New Delhi: "Merry Christmas" said the first SMS that was sent out 20 years ago. Two decades and trillions of SMSs later, fewer people will wish their family and friends "Merry Christmas" via an SMS compared to the year before.
The humble 160-character Short Message Service may have been revolutionary, but like many revolutions this too is in the process of being overtaken along the evolutionary path and the SMS might not be there to celebrate its 40th birthday.
While messaging in the text format will live on for long, but the SMS format will not. Internet connected mobile phones and messaging applications have already plummeted SMS usage. The many advantages of messaging apps over traditional text messages that have not evolved much in all these years is what is making users move away from SMS as a mode of communication.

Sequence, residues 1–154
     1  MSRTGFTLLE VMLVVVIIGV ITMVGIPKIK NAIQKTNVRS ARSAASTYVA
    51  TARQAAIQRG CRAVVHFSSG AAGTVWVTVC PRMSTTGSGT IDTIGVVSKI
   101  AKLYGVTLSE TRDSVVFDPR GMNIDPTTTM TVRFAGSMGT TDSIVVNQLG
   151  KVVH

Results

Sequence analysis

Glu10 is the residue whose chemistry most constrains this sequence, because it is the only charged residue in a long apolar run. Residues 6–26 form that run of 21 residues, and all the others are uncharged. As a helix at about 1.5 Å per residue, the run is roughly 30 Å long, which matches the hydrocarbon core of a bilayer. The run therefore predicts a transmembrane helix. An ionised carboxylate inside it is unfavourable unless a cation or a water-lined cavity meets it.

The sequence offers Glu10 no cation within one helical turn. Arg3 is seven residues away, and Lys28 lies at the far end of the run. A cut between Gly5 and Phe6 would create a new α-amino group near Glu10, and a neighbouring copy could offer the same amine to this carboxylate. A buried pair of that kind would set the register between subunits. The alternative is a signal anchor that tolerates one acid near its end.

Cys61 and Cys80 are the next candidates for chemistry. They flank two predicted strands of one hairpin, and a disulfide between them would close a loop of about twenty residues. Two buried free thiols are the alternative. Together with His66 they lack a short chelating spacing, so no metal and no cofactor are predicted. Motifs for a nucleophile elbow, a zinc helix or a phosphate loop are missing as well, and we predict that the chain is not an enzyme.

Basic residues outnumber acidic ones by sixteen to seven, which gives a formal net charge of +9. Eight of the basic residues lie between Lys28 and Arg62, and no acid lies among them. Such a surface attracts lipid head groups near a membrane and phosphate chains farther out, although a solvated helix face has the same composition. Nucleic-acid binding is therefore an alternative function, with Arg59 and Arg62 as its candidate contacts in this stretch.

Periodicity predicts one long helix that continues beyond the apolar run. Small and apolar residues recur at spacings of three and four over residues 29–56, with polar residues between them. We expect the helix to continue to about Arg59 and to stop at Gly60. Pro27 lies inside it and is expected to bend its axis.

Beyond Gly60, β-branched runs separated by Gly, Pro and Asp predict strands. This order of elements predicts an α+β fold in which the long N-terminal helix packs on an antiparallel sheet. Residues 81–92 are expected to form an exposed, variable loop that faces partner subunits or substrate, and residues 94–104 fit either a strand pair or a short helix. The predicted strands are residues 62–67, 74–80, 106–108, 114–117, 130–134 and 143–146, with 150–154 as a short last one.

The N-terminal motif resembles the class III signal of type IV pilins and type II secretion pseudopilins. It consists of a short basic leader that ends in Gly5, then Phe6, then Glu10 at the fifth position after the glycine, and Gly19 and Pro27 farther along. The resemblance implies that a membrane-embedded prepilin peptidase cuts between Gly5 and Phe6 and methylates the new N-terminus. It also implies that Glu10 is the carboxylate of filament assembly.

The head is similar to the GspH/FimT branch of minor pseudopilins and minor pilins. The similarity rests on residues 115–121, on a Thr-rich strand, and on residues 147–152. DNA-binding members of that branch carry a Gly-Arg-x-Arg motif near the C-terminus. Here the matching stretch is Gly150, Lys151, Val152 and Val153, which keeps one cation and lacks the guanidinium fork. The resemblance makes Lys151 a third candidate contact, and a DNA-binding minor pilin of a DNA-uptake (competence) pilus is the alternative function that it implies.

In many ways SMS is going the email way. It is fading away as a medium of personal communication and is now more popular for businesses to reach out to customers than for people to contact their friends and family.
The SMS will not die an immediate death in the near future because of its use as a security alert and recovery mechanism for our online and financial accounts. But when that need will also be served by some other service, it will very well be the end of the road for the SMS in many markets. The only hope remains where Internet usage on the mobile has not yet caught up.